The Zen of Boundaries

Photo by Pierre Leverrier on Unsplash

In Buddhism we learn to respect boundaries in at least two ways. One of them is equanimity (1): the treating of all beings and phenomena with a calm and equal respect. Another is the principle of loving-kindness. The Karaniya-Metta (Loving-kindness) Sutta says: Wishing in gladness and safety may all beings be at ease…Let none deceive…

Wisdom, and “Wise People”

The nature of wisdom is usually misunderstood. One urge is to attach it to a person. (She’s wise. They’re good. I don’t rate him so much. His guru nights are rubbish. On the other hand did you watch that TV program the other day? Oh my God! It was amazing.) This is a mistake. A…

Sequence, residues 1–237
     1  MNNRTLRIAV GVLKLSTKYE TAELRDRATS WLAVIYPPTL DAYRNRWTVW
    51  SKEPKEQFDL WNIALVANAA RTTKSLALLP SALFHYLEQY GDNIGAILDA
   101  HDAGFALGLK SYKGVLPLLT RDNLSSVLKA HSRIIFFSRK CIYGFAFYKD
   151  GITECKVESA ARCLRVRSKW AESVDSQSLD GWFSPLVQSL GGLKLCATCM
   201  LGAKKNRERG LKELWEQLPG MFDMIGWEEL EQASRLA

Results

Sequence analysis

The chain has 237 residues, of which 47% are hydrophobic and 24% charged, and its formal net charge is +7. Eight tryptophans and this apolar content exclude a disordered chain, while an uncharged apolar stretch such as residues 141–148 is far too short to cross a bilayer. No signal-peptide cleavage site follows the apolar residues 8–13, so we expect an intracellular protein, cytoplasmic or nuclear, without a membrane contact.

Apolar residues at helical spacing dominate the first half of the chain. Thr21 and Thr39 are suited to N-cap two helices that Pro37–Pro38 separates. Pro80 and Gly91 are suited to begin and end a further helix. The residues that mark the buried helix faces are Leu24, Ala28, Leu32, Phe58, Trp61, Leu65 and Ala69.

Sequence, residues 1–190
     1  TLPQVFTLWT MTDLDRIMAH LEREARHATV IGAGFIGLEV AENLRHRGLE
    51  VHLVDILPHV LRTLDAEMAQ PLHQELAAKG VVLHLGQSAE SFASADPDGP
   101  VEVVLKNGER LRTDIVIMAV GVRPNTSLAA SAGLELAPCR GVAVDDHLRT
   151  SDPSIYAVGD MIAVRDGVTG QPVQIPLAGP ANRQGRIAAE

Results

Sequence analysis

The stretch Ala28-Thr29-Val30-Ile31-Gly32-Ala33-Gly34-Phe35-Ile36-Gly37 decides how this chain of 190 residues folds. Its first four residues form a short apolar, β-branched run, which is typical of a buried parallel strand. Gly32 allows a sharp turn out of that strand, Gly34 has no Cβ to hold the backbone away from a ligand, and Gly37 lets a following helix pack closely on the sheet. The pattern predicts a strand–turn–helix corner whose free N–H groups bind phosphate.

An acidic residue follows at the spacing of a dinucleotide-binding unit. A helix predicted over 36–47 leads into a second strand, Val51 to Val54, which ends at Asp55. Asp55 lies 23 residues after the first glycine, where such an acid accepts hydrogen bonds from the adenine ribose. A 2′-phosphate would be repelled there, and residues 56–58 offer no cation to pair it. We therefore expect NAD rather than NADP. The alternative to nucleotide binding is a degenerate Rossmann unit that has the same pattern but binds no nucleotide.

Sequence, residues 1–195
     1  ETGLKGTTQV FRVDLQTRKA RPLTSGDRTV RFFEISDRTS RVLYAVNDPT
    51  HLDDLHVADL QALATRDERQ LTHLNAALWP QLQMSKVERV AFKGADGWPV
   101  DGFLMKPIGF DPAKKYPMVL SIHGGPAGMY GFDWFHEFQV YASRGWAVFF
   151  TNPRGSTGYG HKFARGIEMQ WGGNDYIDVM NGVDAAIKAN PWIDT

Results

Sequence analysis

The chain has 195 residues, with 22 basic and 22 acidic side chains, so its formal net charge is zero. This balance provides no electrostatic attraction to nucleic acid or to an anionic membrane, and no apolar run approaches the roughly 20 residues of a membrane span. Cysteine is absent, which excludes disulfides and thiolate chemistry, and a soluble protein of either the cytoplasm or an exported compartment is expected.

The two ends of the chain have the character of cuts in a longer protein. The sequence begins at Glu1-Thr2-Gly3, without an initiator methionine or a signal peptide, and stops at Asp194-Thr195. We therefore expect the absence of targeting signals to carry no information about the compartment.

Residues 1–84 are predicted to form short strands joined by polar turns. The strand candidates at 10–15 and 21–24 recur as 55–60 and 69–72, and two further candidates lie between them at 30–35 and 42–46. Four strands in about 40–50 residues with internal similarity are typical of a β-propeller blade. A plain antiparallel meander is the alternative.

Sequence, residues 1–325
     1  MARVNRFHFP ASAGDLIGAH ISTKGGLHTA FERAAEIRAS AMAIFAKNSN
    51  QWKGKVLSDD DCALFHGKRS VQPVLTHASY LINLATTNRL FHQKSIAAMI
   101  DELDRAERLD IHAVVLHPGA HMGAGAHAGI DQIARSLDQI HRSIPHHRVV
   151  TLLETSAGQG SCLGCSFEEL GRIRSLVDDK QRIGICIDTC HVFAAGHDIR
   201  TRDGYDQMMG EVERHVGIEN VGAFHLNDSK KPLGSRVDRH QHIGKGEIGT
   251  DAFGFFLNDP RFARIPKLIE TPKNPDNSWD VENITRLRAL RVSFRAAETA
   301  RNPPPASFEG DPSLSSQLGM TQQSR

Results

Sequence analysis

Space Unicorns: What Enlightenment, and Zen, Is Not.

Be here now

Last month I promised a lighter topic and space unicorns. Taoism has an Epic Fail Moment The surviving texts of Taoism are mainly profound and achingly beautiful poetry, so what’s not to like about that? If I do have a gripe it’s that (in my humble opinion and all its tongue-twisting finery) it’s inaccessible and…

Hashtag Me Too: Victimhood, Abuse, and Being Buddha

Be here now

There’s a sutta* where Buddha says “Whatever harm an enemy may do to an enemy, or a hater to a hater, an ill-directed mind inflicts on oneself a greater harm.” He also says nothing can do “greater good than one’s own well-directed mind.” Earlier * he claims victimhood can’t still our hatred. How can hatred still…